Important Egg Information

This site came from my husband, a rarely-heard voice on this blog. Here you will find out that the USDA wants you to know many things about eggs. They include, in no particular order:

Eggs stored in the form of homemade eggnog can last 2-4 days in the fridge and should not be frozen.

Store-bought eggs are dated according to their pack date–not the day the egg was laid, although our government assures us that they generally reach the stores only a few days after they were laid. To simplify things, the “pack date” is expressed as the “Julian date,” which means that a number from 1-365 is stamped on the carton to indicate the day of the year when it was packed. (Quick: Day 123. When is that? See how useful this’ll be in the grocery store?)

Eggs in the form of a pumpkin or pecan pie can be stored 3-4 days in the fridge or frozen 1-2 months.

Eight government agencies (assuming you count state and local agencies as one each) are involved in assuring the safety of your eggs. Whew! What a relief.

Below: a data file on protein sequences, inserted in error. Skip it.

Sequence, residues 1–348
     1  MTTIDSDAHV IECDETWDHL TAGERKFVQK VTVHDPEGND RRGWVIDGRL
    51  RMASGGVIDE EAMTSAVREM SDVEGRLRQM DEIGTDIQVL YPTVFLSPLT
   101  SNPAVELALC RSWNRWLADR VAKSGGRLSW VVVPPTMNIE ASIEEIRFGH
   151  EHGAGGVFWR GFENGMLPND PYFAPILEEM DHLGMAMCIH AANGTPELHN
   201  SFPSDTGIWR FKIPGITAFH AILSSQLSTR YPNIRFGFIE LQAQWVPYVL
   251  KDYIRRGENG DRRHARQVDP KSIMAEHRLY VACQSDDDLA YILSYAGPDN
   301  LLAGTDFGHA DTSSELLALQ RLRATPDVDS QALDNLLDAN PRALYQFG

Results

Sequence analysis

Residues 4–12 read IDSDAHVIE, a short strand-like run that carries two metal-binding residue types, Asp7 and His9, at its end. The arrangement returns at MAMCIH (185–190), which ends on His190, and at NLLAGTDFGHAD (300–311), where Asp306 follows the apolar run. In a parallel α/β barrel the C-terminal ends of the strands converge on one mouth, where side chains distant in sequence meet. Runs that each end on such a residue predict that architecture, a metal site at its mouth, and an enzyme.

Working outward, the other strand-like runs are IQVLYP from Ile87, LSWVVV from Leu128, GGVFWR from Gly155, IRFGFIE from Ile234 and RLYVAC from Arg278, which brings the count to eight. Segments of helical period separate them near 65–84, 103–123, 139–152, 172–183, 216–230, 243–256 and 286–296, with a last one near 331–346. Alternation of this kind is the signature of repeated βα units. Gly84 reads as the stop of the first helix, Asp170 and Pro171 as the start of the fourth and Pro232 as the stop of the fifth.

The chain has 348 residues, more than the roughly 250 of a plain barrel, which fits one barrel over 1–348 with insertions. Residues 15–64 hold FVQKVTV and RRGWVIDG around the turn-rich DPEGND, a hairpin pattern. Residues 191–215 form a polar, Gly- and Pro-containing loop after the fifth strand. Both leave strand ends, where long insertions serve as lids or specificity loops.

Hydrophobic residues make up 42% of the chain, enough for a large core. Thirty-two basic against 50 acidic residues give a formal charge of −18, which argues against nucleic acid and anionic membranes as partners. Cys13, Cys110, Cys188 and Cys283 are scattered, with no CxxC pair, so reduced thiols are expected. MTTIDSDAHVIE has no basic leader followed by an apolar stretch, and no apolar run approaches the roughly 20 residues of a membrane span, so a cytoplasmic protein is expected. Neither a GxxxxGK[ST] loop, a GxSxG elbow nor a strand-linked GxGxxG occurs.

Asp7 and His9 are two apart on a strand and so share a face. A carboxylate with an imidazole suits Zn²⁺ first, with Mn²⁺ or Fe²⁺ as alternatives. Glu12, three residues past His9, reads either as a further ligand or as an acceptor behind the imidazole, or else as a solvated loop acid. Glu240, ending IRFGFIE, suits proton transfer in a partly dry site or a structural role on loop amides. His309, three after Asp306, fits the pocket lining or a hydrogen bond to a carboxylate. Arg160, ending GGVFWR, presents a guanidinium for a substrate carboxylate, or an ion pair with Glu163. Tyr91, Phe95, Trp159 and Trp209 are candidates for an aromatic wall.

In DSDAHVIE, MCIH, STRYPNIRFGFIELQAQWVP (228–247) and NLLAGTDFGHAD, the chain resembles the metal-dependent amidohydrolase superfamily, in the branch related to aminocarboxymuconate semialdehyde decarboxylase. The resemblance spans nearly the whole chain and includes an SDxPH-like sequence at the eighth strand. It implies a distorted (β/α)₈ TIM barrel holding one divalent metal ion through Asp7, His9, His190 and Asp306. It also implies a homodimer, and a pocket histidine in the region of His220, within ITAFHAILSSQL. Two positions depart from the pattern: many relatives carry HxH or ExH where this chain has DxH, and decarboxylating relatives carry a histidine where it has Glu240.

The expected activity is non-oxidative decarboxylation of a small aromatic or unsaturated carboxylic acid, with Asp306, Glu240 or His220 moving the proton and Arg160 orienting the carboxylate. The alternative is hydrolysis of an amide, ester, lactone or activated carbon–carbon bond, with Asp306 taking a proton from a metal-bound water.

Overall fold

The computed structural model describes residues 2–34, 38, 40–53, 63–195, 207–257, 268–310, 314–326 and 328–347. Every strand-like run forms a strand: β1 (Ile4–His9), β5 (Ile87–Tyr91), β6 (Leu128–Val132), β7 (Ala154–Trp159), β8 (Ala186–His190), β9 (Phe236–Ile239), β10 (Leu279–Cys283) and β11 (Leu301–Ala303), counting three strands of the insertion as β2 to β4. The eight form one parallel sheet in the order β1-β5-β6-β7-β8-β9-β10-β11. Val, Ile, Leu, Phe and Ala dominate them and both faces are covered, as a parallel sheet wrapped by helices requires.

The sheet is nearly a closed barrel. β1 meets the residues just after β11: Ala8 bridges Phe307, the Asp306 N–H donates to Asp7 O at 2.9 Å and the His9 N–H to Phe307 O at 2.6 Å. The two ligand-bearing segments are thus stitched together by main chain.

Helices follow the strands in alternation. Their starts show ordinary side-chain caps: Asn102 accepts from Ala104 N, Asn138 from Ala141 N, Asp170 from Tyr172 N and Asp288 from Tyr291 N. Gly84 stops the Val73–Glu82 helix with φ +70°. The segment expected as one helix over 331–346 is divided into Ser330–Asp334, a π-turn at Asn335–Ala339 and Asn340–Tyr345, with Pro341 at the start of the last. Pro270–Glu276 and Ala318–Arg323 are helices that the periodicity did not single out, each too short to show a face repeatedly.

A hen starts to make a new egg about 30 minutes after she’s laid the last one. A woman’s work is never done. It’s always something.

The “sell by” date on your carton of eggs is pretty useless. Eggs are good for about 3-5 weeks in the fridge after you bring them home. The “sell by” date may or may not pass during that time. Maybe what you should do is take the Julian date, add 21-35 to it, convert that to a regular calendar date (what is that–a Roman date? Gregorian date?) and then…wait, I’m lost. How about this: if the egg floats easily in water, meaning that a lot of air has entered the shell, it’s older. But maybe still OK to eat if it doesn’t smell bad or look funny. Good luck.

In 1950, people ate 359 eggs per year on average. Now it’s 261.

Raw eggs will last 3-5 weeks in the fridge, but a hard-boiled egg is only good for a week. Why? When you boiled it, you washed off the protective coating. Not the protective coating the hen put on it when she laid it–they washed that one off at the factory. No, we’re talking about the light coating of mineral oil the factory applied to re-coat it with another, better, safer, protective coating that is a vast improvement over what that silly hen did. What does she know about protecting eggs, anyway?

Read about all this and more at:

Focus On Shell Eggs